The Song of the Lark: Thoughts and Comments

How’s everyone doing with this novel? I haven’t heard from many people about whether they’re reading this one or not. I was happy to re-read it, but must say it was a challenge to get through at times.

My Thoughts
I fell in love with The Song of the Lark the first time I read it about twenty years ago. I was in my twenties and read it for a graduate seminar. As a budding feminist, I was captivated by the depiction of a young girl who has talent and passion and who pursues her dreams into adulthood, eventually achieving great success in her field. She didn’t give it all up to get married or die tragically young. I admired how Cather slowed the action down to detail the influences in Thea’s younger life, her hard work, and the sacrifices that she made for her art. My favorite part of the book remains Part IV: The Ancient People. I think it’s one of the most beautiful and unusual pieces in American literature and I’ve often re-read that section just for the pleasure of it.

With this reading I was blown away by the character of the tramp. It’s not that he commits suicide by drowning himself in the well and contaminating the town water supply with typhoid that captured my imagination, but the fact that he performs as a clown. As someone who used my high school math classes back in the early 80s as time to read the latest Stephen King novel, I can’t believe I didn’t pick up on the utter creepiness of the tramp as clown in my earlier reading. From the first scene where Thea watches him walk into town and can smell him from the safety of her porch, it’s pretty unsettling. You know he’s a bad omen. But then Thea catches his smell and covers her nose with her handkerchief: “A moment later she was sorry, for she knew that he had noticed it.” The tramps notices her disgust, looks away, “and shuffled a little faster” past her house. In a horror novel, Thea would have been a marked woman. A few days later Thea sees him performing in front of one of the saloons: “his bony body grotesquely attired in a clown’s suit, his face shaved and painted white,–the sweat trickling through the paint and washing it away,–and his eyes wild and feverish.”  Part of me feels compassion for the man, but I also hear horror music screeching in the background. Cather so gracefully creates a powerful, yet subtle aura of horror with this character. It makes me wish she would have tried her hand at the ghost story.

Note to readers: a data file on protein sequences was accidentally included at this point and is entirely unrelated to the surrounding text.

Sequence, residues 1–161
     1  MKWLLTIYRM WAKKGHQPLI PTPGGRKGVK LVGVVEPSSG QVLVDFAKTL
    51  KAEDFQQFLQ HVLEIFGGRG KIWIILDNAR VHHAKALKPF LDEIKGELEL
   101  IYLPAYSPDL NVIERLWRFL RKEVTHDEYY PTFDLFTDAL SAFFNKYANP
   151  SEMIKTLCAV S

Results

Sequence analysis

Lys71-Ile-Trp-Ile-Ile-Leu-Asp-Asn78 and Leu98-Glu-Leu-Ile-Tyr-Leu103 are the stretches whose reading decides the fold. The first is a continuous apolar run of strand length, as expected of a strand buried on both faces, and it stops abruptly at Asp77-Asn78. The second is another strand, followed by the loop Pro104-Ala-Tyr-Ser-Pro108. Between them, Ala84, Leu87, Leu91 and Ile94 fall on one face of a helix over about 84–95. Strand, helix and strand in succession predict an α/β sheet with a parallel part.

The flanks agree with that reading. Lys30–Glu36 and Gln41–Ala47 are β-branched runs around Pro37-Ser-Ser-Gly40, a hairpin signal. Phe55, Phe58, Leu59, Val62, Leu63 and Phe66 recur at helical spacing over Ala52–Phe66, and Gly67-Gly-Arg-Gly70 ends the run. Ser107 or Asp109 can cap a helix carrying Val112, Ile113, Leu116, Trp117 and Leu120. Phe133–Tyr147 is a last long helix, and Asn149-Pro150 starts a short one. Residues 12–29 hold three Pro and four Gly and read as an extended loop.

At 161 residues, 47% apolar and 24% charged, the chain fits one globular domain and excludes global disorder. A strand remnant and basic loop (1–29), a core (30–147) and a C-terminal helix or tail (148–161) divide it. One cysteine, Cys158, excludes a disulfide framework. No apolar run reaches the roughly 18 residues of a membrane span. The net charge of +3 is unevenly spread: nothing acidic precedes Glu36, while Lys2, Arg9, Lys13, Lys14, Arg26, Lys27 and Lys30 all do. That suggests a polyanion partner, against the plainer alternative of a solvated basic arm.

More interested than ever to see this.

Overall, however, I admit that it was hard for me to get through The Song of the Lark this time. Part of the problem was I started reading it in ebook format and that was just not a good fit for me with this novel. Once I switched over to a hard copy the reading went a bit better, but the book still wore me out at times. I’m still pondering whether that’s due to the variety of literary styles and imagery Cather used or whether it boils down to the fact that I no longer admire the myth or archetype of the Great Artist who gives up their humanity for their art.

One of the big discussions that I recall from the seminar where I first encountered Thea, was whether or not Thea is selfish, and whether we’d even ask such a question if the story were about a man. From my twenty-something perspective, I did not think Thea was selfish. I thought her drive and self-discipline was admirable. I was excited by her commitment to her passion and figured her mom understood why Thea did not come home to visit when she was on her deathbed. And it’s not like she’s begging Dr. Archie and Ottenburg to flutter about like they do. With this reading I saw the older Thea not so much as selfish, but as heartless and cold.

In her preface to the Autograph Edition in 1937 Cather wrote that she was portraying one type of artist, the type whose “personal life becomes paler as the imaginative life becomes richer.” I was relieved to read this because it means that perhaps there are healthier and happier ways to be an artist. One doesn’t have to end up a washed-up alcoholic like Wunsch, or be driven periodically insane by one’s passion like Spanish Johnny, or live in emotional isolation like Thea. Or–shudder–end up completely mad like the clown.

Questions to Ponder

  • Is Thea simply dedicated or selfish? Or worse, a narcissist?
  • Is Thea racist?
  • Other than Thea’s mother, why is it only men who see her talent and potential?